Saturday, March 03, 2007

Von Balthasar on the Mystery of Sin and Suffering

“At a human level we can understand that sin must be expiated, either by the sinner himself or perhaps by some other in his stead, for it is evident that, in intending evil, man not only disturbs the order of being as a whole but actually damages his own good nature. Indeed, he may even ruin it entirely. If, behind the established world order, we see a God who has founded it in love and thus accompanies it, it is not hard to understand that his love can appear in the mode of anger, punishing the disruption of his order by the imposition of suffering. . . Suffering has an educative function, makes us aware of the seriousness of life and death and of man’s final goal. Furthermore, suffering spurs man on to fight against it, this is most definitely part of his task in the world, stimulating him to make countless discoveries”

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Blogger Steve Bogner said...

'it is not hard to understand that his love can appear in the mode of anger', which leads to suffering as punishment...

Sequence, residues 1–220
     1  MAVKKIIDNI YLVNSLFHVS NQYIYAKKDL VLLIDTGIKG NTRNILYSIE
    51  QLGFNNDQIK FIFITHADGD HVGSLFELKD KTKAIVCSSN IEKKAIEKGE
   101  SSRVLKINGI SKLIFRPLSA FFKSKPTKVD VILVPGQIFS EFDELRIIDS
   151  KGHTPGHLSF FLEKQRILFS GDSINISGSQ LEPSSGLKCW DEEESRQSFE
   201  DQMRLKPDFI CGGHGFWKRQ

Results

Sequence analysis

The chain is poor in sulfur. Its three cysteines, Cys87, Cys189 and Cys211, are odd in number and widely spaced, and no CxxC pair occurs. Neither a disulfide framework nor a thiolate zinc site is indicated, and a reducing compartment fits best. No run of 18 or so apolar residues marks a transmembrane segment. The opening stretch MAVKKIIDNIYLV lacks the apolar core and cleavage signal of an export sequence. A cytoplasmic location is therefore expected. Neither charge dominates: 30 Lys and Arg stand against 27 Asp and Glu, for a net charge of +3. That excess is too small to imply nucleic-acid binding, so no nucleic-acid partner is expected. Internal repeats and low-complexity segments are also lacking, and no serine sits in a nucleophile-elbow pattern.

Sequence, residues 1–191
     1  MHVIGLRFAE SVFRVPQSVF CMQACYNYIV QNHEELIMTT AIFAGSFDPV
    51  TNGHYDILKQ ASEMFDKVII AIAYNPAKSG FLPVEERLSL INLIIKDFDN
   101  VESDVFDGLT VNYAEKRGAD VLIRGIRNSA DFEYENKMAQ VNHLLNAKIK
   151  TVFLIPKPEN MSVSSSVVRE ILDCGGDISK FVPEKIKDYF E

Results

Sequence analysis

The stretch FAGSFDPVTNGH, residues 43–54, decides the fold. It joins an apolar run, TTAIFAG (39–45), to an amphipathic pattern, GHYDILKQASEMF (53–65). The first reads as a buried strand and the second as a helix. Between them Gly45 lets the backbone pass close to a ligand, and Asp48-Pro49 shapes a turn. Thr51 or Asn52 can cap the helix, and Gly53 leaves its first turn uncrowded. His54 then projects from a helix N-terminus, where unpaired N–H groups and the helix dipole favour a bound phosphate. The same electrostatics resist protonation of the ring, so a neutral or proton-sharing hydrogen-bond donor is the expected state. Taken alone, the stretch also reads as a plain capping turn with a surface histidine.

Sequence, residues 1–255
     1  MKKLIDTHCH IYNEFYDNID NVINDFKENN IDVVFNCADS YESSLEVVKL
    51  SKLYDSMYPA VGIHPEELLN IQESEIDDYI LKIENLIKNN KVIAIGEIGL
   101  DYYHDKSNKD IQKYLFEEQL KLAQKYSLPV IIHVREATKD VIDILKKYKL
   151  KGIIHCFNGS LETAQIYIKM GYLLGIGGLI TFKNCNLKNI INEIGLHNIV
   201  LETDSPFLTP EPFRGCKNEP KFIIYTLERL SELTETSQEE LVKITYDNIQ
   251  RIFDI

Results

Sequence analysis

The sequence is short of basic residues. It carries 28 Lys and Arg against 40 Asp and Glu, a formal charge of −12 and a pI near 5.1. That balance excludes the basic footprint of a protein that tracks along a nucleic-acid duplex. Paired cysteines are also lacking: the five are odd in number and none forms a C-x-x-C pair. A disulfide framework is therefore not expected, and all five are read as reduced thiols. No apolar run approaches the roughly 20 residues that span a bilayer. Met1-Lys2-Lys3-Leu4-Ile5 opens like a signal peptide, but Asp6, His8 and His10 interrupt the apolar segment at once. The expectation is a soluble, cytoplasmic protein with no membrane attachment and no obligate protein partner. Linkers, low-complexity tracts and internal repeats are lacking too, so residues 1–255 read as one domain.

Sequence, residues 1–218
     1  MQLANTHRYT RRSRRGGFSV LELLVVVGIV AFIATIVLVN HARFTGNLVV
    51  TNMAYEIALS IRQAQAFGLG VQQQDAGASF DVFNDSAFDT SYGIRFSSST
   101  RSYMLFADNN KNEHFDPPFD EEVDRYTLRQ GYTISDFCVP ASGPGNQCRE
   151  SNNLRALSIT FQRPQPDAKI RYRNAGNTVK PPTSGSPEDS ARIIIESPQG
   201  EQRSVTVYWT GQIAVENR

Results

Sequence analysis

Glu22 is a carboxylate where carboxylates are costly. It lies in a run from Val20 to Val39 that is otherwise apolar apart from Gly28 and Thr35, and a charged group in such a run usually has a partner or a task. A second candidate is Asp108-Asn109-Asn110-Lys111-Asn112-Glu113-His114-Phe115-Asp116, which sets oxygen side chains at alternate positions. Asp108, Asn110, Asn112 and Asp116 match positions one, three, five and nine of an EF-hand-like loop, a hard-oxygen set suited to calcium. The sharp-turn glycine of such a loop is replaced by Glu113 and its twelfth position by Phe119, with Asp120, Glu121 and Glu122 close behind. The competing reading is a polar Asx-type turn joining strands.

I guess I do have a hard time understanding that. I always saw suffering as part of the human condition, more of an indirect consequence instead of a direct consequence from God in response to sin. My theological training is limited to a couple college classes, so there' probably something I'm missing...

1:49 PM  
Blogger Karen said...

I just wrote a post about Balthasar. Maybe you can answer my question (over there)? I also wrote about you, but in that instance, there were no Tarot Cards involved.

10:22 AM  
Blogger Garpu the Fork said...

I think I'm with Steve. Sometimes suffering doesn't have a direct cause beyond our own human frailty (sickness, abuse, etc). I think his quote holds for suffering caused by our sins, but the child who's abused or the person who comes down with some illness didn't do anything to cause their own suffering.

1:28 PM  
Blogger Mark Mossa, SJ said...

This is an interesting question. While I admit some discomfort with the idea of God causing suffering, it is not inconsistent with Scripture, and I find interesting what VB has to say later--Often an experience of suffering is exactly what we need to be creative in our efforts to end suffering. Any loving parent knows that sometimes you have to risk your child hating you for imposing some kind of "suffering" on them, for their own good. In our human experience, anyway, this is not inconsistent with love, and often this is the only analogy we have (albeit not perfect) for our experience of God.

4:35 PM  
Blogger milanta said...

Hey, How about St. Anselmo theology in this matters? Greetings from Peru!

1:40 AM  

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